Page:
Playing video games at work reduces stress: study


Among the many aspects of life that cause stress, jobs are the most common. A new study found that relief could come from an unexpected source: playing video games at work, reported Newsdesk.

More than half of Americans regularly experience cognitive fatigue related to stress, frustration and anxiety while at work, according to the new report, published by the Human Factors and Ergonomics Society. And those individuals working in safety-critical fields – such as health care and air-traffic control – are at an even greater risk for cognitive fatigue, which could lead to errors.

Michael Rupp, a doctoral student in human factors and cognitive psychology at the University of Central Florida, and his co-authors decided to evaluate whether casual video game play during rest breaks is an effective way to combat workplace stress.

The researchers used a computer-based task to induce cognitive fatigue in 66 participants, who were then given a five-minute rest break. During the break, participants played a casual video game called Sushi Cat, participated in a guided relaxation activity or sat quietly in the testing room without using a phone or computer.

At various times throughout the experiment, the researchers measured participants’ stress level, mood and cognitive performance. They found that only the video game players reported that they felt better after taking the break. Those who took a silent rest break reported that they felt less engaged with work and experienced worry as a result, whereas those who participated in the guided relaxation activity saw reductions in negative affect and distress.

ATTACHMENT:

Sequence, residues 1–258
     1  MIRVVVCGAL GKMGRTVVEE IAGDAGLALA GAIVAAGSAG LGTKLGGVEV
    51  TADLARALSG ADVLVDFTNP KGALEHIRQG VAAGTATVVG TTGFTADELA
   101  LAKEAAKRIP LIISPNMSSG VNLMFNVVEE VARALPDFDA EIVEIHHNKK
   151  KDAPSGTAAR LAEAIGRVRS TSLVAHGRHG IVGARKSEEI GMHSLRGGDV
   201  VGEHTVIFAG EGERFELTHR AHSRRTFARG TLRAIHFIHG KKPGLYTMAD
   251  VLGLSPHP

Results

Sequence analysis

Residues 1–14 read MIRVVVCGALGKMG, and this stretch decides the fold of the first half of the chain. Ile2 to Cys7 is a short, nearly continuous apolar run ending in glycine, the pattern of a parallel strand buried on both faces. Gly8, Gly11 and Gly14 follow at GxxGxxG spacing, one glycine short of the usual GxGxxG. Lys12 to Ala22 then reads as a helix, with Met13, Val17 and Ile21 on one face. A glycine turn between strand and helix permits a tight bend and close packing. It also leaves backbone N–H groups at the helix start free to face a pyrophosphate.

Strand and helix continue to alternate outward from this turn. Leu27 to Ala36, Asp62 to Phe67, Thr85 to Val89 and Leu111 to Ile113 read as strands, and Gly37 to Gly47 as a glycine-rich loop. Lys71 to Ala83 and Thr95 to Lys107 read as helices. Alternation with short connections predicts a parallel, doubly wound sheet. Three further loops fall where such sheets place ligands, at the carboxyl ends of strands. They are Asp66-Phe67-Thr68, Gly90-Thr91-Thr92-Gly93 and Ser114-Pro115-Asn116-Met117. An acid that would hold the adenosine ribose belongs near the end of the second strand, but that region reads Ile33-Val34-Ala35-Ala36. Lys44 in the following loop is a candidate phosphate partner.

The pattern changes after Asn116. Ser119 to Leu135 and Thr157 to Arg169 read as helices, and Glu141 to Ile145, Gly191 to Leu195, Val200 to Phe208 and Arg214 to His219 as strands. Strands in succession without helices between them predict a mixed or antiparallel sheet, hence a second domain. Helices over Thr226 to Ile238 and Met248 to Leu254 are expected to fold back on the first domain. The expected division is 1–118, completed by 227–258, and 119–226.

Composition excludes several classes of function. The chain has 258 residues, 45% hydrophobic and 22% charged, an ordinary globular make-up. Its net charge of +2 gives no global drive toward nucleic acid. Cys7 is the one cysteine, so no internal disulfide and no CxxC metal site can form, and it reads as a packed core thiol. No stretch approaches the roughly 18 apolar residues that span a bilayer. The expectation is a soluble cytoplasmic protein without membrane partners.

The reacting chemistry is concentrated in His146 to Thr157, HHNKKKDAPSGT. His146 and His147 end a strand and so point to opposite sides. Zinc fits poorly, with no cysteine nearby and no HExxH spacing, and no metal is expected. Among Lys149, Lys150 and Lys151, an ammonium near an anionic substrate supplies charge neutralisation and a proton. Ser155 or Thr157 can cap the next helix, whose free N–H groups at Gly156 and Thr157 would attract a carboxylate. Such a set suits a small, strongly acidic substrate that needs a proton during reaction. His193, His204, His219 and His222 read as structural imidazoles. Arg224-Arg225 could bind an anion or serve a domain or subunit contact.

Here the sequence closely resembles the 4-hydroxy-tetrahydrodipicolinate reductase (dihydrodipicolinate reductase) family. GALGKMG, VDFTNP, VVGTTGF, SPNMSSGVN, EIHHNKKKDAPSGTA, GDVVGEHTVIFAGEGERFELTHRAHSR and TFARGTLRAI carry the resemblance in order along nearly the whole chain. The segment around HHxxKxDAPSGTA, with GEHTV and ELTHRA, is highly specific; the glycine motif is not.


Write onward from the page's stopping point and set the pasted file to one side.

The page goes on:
“We often try to power through the day to get more work finished, which might not be as effective as taking some time to detach for a few minutes,” said Rupp. “People should plan short breaks to make time for an engaging and enjoyable activity, such as video games, that can help them recharge.”

Some stress could be beneficial. The Centers for Disease Control and Prevention notes that this pressured state can help us develop skills we need to manage potentially threatening situations.

But stress does carry potentially serious health consequences, especially when it’s prolonged or severe enough to make an individual feel overwhelmed and out of control. And the problem is widespread. A study published earlier this year found that more Americans than ever before suffer from stress, depression and anxiety. About 8.3 million people suffer from some form of serious psychological distress, defined as a mental health problem serious enough to require medical treatment. Those most affected, according to the results, often can’t afford general medical treatment.












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